TODAY, I had a re-check of the hemoglobin, in hopes that my yoga, steak and spinach had helped it rebound from chemo, but no luck. Still 8.9. SCRAMBLE again to find Mr. W (and get him to answer his phone) to pick up the boys from school this afternoon, so I can get a two-hour transfusion (starting at 3:00 PM, yaaaaaawn), so I can start the trial two weeks from Monday. Which, in case no one has noticed, is the 21st of December. I’m sure I’ll have TONS of time that week to be down here three days in a row.

What I still don’t know is when I’ll be having my stent placed, but now that I’ll have a transfusion on board, I hope they can fit me in next week. But not too early, so I don’t miss Mr. W’s company Christmas Party, the only one (pathetic!) we’re scheduled for this month. And not Wednesday, ’cause Mr. W’s in an off-site meeting all day. Guess it’ll be Thursday or Friday… maybe?

It’s still up in the air.

Clooney? On second thought, I’ll meet you in Como.

Hopefully Elisabetta will be out of town.

Photo credit here.

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Random Realizations

November 9, 2010 at 1:09 PM (Funny, Help, Real Life) (, , , , , , , , , )

With the exception of catching a cold, it’s been a fantastic week. Fun things to do, plenty of excitement and opportunities to wear high heels. And along with my trend of expanding wisdom with increasing age, I thought I’d share some of the things I’ve discovered over the past seven days. Maybe some of them will be helpful.

  1. Birthdays are awesome, especially when your kids make you cards.
  2. With chocolate inside.
  3. It is possible to survive a week without diet Coke.
  4. When staying in a chic hotel with exciting on-site nightlife, you have to expect drunken hotel guests.
  5. Who are incapable of moderating their voices in quiet hallways.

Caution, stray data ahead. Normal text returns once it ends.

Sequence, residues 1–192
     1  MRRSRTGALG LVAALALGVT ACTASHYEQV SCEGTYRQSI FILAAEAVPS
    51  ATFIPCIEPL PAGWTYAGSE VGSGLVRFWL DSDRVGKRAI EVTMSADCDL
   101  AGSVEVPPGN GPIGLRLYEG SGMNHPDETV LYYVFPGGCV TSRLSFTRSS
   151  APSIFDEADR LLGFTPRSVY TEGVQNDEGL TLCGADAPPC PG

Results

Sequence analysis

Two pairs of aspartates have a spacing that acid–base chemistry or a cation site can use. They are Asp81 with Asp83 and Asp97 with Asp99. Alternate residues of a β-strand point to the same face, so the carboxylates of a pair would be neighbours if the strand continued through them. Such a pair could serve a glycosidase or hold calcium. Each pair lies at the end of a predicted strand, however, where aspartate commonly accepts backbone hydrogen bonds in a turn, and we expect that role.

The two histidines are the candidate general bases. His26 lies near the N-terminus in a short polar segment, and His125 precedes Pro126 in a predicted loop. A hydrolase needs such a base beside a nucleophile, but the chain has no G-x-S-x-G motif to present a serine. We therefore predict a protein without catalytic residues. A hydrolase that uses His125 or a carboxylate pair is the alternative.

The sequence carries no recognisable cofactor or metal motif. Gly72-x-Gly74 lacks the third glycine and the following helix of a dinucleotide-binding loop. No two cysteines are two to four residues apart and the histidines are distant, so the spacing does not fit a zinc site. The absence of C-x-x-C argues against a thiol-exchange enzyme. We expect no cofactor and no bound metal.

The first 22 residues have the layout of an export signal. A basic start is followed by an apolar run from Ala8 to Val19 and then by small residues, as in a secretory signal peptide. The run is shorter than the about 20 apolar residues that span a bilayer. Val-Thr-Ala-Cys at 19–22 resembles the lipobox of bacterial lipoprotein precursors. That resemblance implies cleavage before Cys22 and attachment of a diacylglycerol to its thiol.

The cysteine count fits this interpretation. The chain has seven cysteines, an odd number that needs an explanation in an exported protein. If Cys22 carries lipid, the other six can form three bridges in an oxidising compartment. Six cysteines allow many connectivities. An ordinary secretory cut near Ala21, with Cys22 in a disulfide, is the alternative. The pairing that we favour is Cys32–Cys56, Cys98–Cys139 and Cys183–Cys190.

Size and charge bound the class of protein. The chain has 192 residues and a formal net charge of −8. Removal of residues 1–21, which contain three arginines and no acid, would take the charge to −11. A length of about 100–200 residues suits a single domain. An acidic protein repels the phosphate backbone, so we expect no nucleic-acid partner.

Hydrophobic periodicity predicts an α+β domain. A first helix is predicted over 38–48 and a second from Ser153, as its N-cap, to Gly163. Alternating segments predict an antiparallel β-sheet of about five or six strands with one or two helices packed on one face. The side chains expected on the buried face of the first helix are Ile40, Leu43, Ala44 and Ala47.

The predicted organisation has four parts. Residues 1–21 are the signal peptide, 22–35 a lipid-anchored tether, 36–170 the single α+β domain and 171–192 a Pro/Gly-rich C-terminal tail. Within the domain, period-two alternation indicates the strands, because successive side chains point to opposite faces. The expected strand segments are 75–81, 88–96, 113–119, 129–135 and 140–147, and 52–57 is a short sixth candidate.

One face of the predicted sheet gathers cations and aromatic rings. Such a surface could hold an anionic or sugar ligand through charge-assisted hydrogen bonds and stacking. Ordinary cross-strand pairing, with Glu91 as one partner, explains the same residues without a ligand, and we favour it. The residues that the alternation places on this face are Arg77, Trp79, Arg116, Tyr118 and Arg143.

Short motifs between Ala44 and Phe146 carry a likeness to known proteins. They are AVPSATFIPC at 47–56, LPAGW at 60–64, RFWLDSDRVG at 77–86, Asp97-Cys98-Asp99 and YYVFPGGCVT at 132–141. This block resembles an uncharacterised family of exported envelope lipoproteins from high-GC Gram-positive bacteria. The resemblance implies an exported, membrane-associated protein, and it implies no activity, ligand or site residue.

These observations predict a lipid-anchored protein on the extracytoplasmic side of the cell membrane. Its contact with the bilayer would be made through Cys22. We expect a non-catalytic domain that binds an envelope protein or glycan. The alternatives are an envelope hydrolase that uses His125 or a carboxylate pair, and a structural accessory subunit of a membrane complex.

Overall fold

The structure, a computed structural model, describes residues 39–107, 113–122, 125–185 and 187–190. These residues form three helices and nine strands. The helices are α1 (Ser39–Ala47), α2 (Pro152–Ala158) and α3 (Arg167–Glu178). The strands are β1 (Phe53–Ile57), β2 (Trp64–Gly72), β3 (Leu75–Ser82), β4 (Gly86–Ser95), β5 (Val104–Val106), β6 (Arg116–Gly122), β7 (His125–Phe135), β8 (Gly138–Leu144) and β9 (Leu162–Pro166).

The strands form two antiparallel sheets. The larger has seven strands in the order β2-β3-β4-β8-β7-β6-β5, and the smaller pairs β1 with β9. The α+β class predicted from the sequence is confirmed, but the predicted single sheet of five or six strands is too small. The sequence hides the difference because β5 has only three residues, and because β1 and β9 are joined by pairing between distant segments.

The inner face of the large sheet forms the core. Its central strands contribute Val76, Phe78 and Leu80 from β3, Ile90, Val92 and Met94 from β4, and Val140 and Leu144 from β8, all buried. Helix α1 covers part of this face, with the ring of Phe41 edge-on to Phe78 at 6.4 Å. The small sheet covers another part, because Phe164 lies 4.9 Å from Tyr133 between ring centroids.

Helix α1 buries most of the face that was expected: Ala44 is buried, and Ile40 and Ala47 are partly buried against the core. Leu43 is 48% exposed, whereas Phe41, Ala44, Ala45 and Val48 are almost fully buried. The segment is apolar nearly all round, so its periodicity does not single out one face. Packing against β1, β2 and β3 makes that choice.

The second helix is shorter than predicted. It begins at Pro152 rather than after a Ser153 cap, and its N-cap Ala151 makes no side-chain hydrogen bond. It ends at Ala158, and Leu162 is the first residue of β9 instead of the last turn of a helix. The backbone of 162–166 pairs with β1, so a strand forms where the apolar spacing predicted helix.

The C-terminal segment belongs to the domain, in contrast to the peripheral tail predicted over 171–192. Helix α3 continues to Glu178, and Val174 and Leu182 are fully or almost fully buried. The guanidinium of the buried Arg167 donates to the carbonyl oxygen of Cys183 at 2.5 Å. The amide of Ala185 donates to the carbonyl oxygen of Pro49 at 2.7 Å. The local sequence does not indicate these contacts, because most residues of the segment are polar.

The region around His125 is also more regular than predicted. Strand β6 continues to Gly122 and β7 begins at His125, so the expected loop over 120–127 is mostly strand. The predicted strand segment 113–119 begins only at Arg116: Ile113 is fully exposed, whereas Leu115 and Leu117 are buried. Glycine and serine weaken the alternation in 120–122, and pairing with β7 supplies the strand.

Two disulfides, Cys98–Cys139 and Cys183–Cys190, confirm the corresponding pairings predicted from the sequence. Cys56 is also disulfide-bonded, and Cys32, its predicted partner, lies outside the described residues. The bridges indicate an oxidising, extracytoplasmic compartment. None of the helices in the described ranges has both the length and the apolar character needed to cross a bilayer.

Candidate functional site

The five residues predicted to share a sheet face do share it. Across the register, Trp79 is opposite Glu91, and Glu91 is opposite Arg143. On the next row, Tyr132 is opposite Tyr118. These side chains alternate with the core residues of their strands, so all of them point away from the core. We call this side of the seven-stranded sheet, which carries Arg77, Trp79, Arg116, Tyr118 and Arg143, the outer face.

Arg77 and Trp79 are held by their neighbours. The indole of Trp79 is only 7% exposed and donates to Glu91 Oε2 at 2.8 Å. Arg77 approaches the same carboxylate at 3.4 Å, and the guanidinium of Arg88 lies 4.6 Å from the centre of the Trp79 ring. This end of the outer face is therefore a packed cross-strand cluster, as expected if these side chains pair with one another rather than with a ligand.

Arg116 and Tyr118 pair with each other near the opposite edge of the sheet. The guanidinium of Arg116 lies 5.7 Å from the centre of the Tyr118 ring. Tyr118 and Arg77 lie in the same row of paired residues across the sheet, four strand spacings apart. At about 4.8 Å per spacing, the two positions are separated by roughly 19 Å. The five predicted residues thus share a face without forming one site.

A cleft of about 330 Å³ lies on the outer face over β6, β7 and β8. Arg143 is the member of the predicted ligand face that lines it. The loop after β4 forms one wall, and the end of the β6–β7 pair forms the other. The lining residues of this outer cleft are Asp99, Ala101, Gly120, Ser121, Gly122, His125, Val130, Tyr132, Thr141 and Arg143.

6. At 1:25, 1:54, 2:17 and 3:20 am.
  7. While lying awake silently cursing rude hotel guests, it is possible to forget all semblance of manners or empathy or respect for human life.
  8. Children get tired-and-cranky exponentially faster when playing at other children’s houses.
  9. A good playdate can last for eighteen hours, but requires devoted host parents. (XOXO)
  10. The best possible time to run into people from your past, say, college, is when you are decked to the nines in an expensive dress, killer shoes, hip jewels, and freshly-straightened hair and out for a date with your cutie-patootie hubs at The Four Seasons.
  11. No matter where you order it, shellfish-over-pasta is just shellfish-over-pasta. Lesson learned.
  12. However, it is possible to do some very exciting things the next morning with french toast.
  13. It is possible to still have things to talk with one’s husband about for nearly a whole day, even after seventeen years.
  14. Chic young things at swanky, hip bars in boutique hotels spend too much time on their cell phones texting people who are elsewhere and not enough time enjoying their surroundings.
  15. Although they seem to enjoy their fifteen-dollar vodka-and-tonics plenty.
  16. Thirty-nine and cancer-ridden means that four cocktails over the course of an evening, even with food, will result in a hangover.
  17. Irrespective of the quantity of water consumed during the same evening.
  18. Hangovers are quickly dispatched while lying in a pouffy hotel bed watching TV and eating salt-water taffy for breakfast.
  19. Coughing at night is more annoying than drunken hotel guests outside your room.
  20. Divorce can be avoided by sending the coughing party (me) to sleep in the guest room.
  21. All drivers who are not me are complete and utter morons.
  22. Especially when I’m running late.